(Gillette, Wyo.) Last week a case of Zika was confirmed in Teton County
. The patient diagnosed there was
not a permanent resident of the Jackson area. Unfortunately that means
Campbell County now has the dubious honor of being the first county in
Wyoming with a confirmed Zika case in one of their residents.
This afternoon the Wyoming Department of Health confirmed that a Campbell
County woman who had traveled to a country with known Zika transmission has
contracted the disease.
"Most states have already reported travel-related Zika illnesses. It is no
surprise for this to also happen to someone from Wyoming," said Dr. Tracy
Murphy, state epidemiologist with WDH.
Zika virus is spread to people mostly through bites of certain types of
mosquitoes not known to be found in Wyoming. Murphy said the biggest
concern related to Zika virus is that it can be passed to babies during
pregnancy and has strong links to a serious, brain-related birth defect
known as microcephaly. The Campbell County woman diagnosed is not pregnant.
"Folks should consider Zika when planning travel to affected areas, but the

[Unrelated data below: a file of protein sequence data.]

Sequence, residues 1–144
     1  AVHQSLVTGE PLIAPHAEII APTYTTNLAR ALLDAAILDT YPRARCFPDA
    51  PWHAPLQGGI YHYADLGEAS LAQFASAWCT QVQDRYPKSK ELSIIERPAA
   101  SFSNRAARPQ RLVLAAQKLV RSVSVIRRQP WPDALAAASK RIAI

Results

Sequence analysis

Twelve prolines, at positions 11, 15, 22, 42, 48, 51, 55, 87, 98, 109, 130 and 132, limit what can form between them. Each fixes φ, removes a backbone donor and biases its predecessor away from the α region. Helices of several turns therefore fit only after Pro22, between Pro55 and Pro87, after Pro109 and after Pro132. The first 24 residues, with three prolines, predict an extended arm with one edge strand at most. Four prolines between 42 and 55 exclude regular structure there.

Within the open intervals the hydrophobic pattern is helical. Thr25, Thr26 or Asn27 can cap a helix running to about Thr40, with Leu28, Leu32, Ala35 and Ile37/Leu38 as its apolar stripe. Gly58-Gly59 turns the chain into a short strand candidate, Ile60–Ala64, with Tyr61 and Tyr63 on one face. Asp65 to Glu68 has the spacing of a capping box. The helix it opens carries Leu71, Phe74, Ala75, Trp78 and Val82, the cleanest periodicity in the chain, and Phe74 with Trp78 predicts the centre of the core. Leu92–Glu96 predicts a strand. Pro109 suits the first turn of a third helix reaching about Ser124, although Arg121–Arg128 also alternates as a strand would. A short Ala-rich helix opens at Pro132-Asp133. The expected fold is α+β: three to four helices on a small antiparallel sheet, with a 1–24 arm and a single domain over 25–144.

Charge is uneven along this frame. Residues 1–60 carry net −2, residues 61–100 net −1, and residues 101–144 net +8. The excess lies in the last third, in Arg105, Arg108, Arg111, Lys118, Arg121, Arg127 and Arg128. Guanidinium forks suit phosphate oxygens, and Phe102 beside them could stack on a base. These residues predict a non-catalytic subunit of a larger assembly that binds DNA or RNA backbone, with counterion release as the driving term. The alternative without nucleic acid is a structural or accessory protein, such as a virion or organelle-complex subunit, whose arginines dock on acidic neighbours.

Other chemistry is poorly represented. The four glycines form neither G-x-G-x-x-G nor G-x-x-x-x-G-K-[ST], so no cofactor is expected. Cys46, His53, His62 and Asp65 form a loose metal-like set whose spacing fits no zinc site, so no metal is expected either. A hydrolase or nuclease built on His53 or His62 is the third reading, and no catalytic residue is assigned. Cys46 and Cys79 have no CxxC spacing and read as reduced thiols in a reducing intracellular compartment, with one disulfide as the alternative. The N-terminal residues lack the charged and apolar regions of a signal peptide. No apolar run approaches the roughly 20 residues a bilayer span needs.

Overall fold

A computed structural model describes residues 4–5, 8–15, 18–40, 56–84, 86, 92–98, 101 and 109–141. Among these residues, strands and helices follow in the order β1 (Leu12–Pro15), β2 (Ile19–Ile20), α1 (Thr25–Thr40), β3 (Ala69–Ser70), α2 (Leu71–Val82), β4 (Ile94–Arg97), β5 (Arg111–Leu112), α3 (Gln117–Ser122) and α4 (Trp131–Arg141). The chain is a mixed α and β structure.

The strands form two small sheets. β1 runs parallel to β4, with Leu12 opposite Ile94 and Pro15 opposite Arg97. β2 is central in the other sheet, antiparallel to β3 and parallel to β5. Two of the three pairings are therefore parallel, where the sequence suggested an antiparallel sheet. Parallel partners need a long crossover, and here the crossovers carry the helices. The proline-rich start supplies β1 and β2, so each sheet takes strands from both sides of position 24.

discovery of the illness in a Wyoming resident does not mean an increased
risk in our state and does not change our recommendations," Murphy said.
As a refresher, those recommendations from the Centers for Disease Control
and Prevention (CDC) include:
- Pregnant women should not travel to the newly identified area in
Florida or other Zika-affected locations.
- Sexual partners of pregnant women who live in or who have traveled to
an affected area should consistently and correctly use condoms or other
barriers against infection during sex or abstain from sex during the
- All pregnant women who live in or travel to an area with active Zika
virus transmission, or who have sex with a partner who lives in or traveled
to an area with active Zika virus transmission without using condoms or
other barrier methods to prevent infection should be assessed for possible
Zika virus exposure during each prenatal care visit and tested according to
- Women and men who traveled to this area should wait at least 8 weeks
before trying for a pregnancy; men with Zika symptoms should wait at least
- Anyone with possible exposure to Zika virus and symptoms of Zika
should be tested.
The most common symptoms of Zika virus disease are fever, rash, joint pain
and red eyes. The illness is usually mild with symptoms lasting for several
days to a week.